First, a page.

In my two decades of work I have observed two characteristics that draw individual artists towards success in the creative industry.
The first is intuitive - you have to be good, really good.
The second is, you have to own your path: the challenges, the reasons for celebration—all of it, and recognize what you know and what you don't. Jazz musician Julia Keefe throws herself into her work, whether it is comfortable or not. She says 'yes' then figures it out. There are only a few people who I have met who I have immediately known make a meaningful contribution. She is one in a million. You will see her name in lights one day.
Tell me about your business practice.
My business practice has two parts: improving on my skills as a musician and creating a community of people around me who not only believe in what I do but are also interested in collaborating and resource sharing.
I started gigging in my early teens—my first paycheck was from a jazz gig at Ella's Supper Club when I was 14. At that time jazz was something that I was super passionate about but didn't realize that I could pursue it professionally.
Washington has such a wealth of resources through festivals and education. I was fortunate to grow up in a community that was thriving on its own as a jazz scene, and to have mentors, teachers, and colleagues who encouraged me and who helped grow the fire. It wasn't until later in my teen years that I decided I could pursue it. It was my connections with the jazz scene in Spokane that allowed me to blossom as a jazz musician.
I love that I come back and forth from NYC to Washington, and that there is a home for me in both places—new musicians, new venues, and new opportunities for growth.
Just last night I did a jam session with Imagine Jazz. Rachel Bade McMurphy has created a huge network of jazz lovers and students. She brings in people who are pillars of the jazz world for workshops and performances, making Spokane a part of the touring scene. I love that I am a part of both communities—the Manhattan scene and my home in eastern Washington.
Talk to me about your road to finding sustainability through your arts practice and business.
It is all about finding mentors and allies inside and outside of the arts community and cultural community. There are so many people who want to see you succeed; if you don’t already know them, you must find them.
Creating that network of allies is key to success within any art form. Each person is a gateway into a whole other world of collaborations, connection, and opportunities.
One of the things during COVID times that I have been able to do is connect with Native leaders and musicians. It has been such a thrill for me to foster that network. This has already led to new projects and performances and will hopefully continue to create connections. I feel like I am truly learning a new and better way to hustle for the next gig.
What I am excited for as a business owner is that I am really learning to find sustainability by taking ownership of my media, branding, funding, and outreach. It has been a process learning how to advocate for myself rather than waiting for opportunities to come to me.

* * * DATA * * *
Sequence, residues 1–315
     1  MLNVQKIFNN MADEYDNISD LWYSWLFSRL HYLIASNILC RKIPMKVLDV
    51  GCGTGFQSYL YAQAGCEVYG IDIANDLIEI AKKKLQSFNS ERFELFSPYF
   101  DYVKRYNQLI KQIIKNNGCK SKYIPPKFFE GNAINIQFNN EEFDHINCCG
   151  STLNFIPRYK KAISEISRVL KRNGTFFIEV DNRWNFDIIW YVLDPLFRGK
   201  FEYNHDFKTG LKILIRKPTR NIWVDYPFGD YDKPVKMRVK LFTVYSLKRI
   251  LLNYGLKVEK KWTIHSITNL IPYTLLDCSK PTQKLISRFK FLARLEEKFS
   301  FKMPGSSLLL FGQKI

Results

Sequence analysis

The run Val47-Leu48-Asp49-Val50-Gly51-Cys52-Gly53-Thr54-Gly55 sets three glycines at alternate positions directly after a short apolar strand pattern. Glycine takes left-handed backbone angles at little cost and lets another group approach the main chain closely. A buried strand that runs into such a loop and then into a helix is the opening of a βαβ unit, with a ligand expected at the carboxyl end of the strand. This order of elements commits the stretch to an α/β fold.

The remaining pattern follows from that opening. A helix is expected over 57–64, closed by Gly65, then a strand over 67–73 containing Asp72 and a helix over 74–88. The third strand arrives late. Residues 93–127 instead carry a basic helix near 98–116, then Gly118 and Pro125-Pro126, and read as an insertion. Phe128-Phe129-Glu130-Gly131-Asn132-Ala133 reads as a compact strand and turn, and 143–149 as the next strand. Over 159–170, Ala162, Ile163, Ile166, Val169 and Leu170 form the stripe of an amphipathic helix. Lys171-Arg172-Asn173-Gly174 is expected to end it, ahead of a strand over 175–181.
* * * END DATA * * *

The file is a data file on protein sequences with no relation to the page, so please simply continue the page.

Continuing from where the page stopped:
I think it is so interesting—I feel like growing up, the motto in my head was: "take what you can get,” not even what you need. I am finally beginning to get over that mental hurdle.
When I got into the graduate program at Manhattan School of Music, I finally arrived at the conclusion: "I have earned this." I am earning the things that I am getting and I am a valuable addition to every performance and engagement. It requires some mental rewiring to finally take your space in the world and not apologize for it, but it is absolutely worth it.
Talk to me about what you see in Spokane: what do you see that excites you?
I have talked about Imagine Jazz, an amazing group that is infusing a deeply rooted legacy of jazz into the Spokane scene. The work that Rachel is doing gets me really excited.
There is a huge influx of independent artists in the Spokane area and some great artist organizations that are popping up, such as Terrain which has provided a great venue for all sorts of artists.
Also, One Heart Native Arts and Film Festival, which I help to run, supports Indigenous stories from Indigenous perspectives. One Heart is bringing important stories to broader audiences, highlighting the beauty and vitality of Indigenous culture in the Northwest.
These stories are raw, vulnerable, and valuable. They are meant to stir something deep within the viewer or listener. I believe what we do as artists is prophetic work: to disturb the comfortable and comfort the disturbed. I am thrilled there are more and more organizations in Spokane, and in Washington as well, doing exactly that.
Talk to me about Mildred Bailey—what should folks around Washington know about her?
Mildred Bailey was the first woman to sing in front of a big band in the late 1920s. Her radical step to the forefront of the Paul Whiteman Orchestra altered the soundscape of jazz forever.
She was also a member of the Coeur d’Alene tribe, was born in Tekoa, WA, and spent her teen years in Spokane and Seattle. It has been my mission since first learning of her to have her inducted into the Jazz Hall of Fame at Lincoln Center for her contributions to the evolution of jazz.
While she has not been inducted yet, her story and music has been amplified for jazz lovers and Indigenous people alike. People in Washington should know about her, know her music, and know her importance in this all-American artform.
Furthermore, the fact that a First American was also the first woman singing in front of a big band is a huge feat and something Indigenous people in the region should be incredibly proud of. We have a place in this music too.